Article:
The documentary, New Trier: Tip of the Spear is filmmaker and New Trier parent, Paul Traynor’s film about the controversy surrounding New Trier’s Feb. 28 Seminar Day of Race. The subject is how conservative national activists attempted to insert their own agenda into New Trier’s grassroots community.
New Trier compromised and hosted separate locations for opposing views on seminar day. Their answer to the debate wasn’t a solution. It was a lost opportunity for students to learn how, and why, opposing groups must connect.
This year’s seminar theme was- “Understanding Today’s Struggle for Racial Civil Rights.” Two National Book award winning authors, Colson Whitehead and Andrew Aydin, were the keynote speakers. Students picked from over 100 workshops dealing with such topics as; civil rights activism, housing rights, civil rights in sports, Native American rights, and gospel music. New Trier teachers spoke on specific moments or people in history, and outside speakers discussed their disciplines, and what changes they hope their work would accomplish.
At first, arguments remained local. Some parents argued the seminar reflected an unbalanced liberal view of racism. They wanted more discussions about economic inequality and less about racial inequality.
Traynor showed how this discussion moved from economic inequality and became a heated protest about inserting a ‘different world view’ into the seminar’s agenda. The Christian-heavy and conservative undertone of this new agenda pitted parents against each other. Parents siding with the seminar’s original mission argued the day was an opportunity to foster understanding between races. I noticed the issue of economic disparity was dropped from the discussion, and replaced with charges of racism on both sides.
Traynor explained the voice calling for the ‘different world view’ was not the original main opposition. The push did not come from the parents of New Trier students, but was spearheaded through a few vocal parents backed by the Illinois Family Institute. This conservative group’s mission is “Promoting marriage, family, life, and liberty in the Land of Lincoln.” After reading the page my opinion is, they will promote you if you are Christian and straight. Another conservative group, ALEC also became involved in the controversy. They work with a corporate governing board to pass legislation benefitting corporations at the expense of the public sector and social programs. Traynor’s film asked-What do these powerful and national conservative organizations gain by weighing in on a local school matter? Especially when the actual number of parents in opposition to Seminar Day was very small?
Traynor believed these organizations took the grassroots approach as the next step towards dismantling our public-school system. The documentary showed it’s not possible to attack a respected and wealthy school, like New Trier, on economics or low test scores. But it is possible to subvert the school system by attacking their politics. This divides the members of the community and gives them an opportunity to insert their own agenda into the community’s politics. Taynor’s opinion is this will eventually lead to charter schools and vouchers; systems and policies which promote the mission and enrich the coffers of these organizations.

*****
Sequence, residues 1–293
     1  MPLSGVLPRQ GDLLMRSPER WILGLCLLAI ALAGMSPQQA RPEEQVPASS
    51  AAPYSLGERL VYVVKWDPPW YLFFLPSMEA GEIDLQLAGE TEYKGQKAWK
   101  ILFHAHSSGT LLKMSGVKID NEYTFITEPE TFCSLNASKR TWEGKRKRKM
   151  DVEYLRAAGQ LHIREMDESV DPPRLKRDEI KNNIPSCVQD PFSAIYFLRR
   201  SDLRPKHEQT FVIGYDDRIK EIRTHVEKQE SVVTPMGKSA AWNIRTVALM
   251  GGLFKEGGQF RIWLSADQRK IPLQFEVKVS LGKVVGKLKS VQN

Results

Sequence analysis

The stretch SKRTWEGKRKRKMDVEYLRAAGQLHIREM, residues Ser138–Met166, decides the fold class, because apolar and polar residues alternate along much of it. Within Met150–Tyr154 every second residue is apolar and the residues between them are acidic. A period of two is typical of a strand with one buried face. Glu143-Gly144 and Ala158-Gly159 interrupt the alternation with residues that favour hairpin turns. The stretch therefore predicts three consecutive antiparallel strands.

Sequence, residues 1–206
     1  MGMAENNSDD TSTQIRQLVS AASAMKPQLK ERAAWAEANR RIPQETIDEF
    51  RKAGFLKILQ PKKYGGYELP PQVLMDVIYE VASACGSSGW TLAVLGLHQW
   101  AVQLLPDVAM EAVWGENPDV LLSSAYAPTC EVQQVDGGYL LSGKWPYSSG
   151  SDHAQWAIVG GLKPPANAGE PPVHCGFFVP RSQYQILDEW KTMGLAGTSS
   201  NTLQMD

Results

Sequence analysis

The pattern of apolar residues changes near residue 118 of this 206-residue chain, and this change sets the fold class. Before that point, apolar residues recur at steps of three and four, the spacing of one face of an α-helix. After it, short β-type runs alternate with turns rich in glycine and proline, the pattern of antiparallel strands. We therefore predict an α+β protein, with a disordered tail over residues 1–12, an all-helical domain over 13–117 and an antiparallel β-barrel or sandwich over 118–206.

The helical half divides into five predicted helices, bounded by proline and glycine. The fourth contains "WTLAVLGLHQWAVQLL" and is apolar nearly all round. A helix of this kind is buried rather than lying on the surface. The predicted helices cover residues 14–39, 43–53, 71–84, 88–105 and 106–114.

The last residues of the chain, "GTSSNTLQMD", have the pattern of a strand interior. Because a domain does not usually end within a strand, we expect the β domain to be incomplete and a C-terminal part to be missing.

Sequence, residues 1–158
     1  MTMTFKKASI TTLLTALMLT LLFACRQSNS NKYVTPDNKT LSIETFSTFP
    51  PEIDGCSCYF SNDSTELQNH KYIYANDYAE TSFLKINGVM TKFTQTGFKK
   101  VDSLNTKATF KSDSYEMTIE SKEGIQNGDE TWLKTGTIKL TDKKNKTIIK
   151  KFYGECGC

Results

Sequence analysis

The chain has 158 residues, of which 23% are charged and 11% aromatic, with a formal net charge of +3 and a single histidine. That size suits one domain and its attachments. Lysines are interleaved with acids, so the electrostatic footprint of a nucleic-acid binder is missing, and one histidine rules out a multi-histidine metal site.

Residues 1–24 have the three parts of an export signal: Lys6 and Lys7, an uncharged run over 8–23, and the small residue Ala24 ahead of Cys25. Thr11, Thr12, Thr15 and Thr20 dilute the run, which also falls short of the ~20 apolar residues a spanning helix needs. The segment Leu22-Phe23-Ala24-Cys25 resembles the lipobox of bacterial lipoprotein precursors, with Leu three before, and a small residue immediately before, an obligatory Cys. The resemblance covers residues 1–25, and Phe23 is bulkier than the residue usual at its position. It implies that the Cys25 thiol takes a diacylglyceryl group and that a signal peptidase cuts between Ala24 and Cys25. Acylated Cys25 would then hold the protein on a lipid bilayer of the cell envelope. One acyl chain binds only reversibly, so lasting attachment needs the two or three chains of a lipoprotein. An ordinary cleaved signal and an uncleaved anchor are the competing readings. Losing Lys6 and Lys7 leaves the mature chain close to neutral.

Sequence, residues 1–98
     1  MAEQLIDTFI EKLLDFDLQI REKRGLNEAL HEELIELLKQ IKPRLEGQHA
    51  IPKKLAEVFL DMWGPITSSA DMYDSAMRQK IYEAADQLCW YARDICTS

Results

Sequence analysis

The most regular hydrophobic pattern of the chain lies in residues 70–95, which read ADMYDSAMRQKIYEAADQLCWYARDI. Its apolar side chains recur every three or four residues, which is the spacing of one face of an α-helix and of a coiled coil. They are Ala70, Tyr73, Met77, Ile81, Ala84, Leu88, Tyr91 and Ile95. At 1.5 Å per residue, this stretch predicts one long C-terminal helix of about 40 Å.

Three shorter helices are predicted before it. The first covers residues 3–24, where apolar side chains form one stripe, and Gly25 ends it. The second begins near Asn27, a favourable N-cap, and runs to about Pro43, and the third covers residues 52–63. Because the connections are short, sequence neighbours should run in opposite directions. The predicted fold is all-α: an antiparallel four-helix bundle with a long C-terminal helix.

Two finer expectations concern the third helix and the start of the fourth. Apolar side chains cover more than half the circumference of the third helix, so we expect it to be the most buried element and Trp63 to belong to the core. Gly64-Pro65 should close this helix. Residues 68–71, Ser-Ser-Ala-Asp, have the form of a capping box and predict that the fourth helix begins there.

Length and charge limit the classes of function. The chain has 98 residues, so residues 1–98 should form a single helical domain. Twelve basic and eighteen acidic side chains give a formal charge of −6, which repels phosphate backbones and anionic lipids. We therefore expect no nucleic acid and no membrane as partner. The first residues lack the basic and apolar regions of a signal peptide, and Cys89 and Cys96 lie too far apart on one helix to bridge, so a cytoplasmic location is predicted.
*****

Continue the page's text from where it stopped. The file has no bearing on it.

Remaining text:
He backed up his charges with solid research. I urge you to watch the film, because he explained the process in more detail than I am able to on this post. I applaud Traynor and the New Trier parents for not backing down. They called out the bullies, and refused to let them hijack the mission of Seminar Day.
But I still have my reservations. The goals of the seminar were to help “students better understand how the struggle for racial civil rights stretches across our nation’s history, that people of diverse racial backgrounds were involved in each chapter in this history, and how previous civil rights movements connect with the issues that we are discussing today.” The staff of New Trier tried to reach these goals with a wide range of workshops.
One of the “issues we are discussing today” is race and economic inequality. New Trier compromised and allowed students to opt-out of seminar day and attend a discussion off campus. The day-long, off-campus workshop was led by conservative businessman and pastor Corey B. Brooks. I agree with the addition of another diverse voice into the workshop, but New Trier failed the students by holding it off-campus.
They lost an opportunity to create a connection between “previous civil rights movements with the issues we are discussing today.” They lost an opportunity to listen, to learn, and to discover together. They lost the opportunity to debate progressive and conservative views in an academic setting. They lost the opportunity to learn how to act as one governing body. Allowing Mr. Brooks to hold his own seminar off-campus physically separated students with opposing views from each other.
My message to New Trier- You were a poor example of the process of conflict resolution.
The Illinois Family Institute and ALEC used the argument of economics to gain a foothold. They promoted the narrow, corporate, and separate Christian views they uphold. These groups are effective because they give the impression they are listening to people who feel shut out. New Trier had an opportunity to point this out, and had an opportunity to show the students the art of listening.
I don’t remember who said this, so I’ll paraphrase, “Conflicts aren’t necessarily searching for solutions. But conflicts arise from the struggle to be heard.”
We need to understand just who is listening. And why?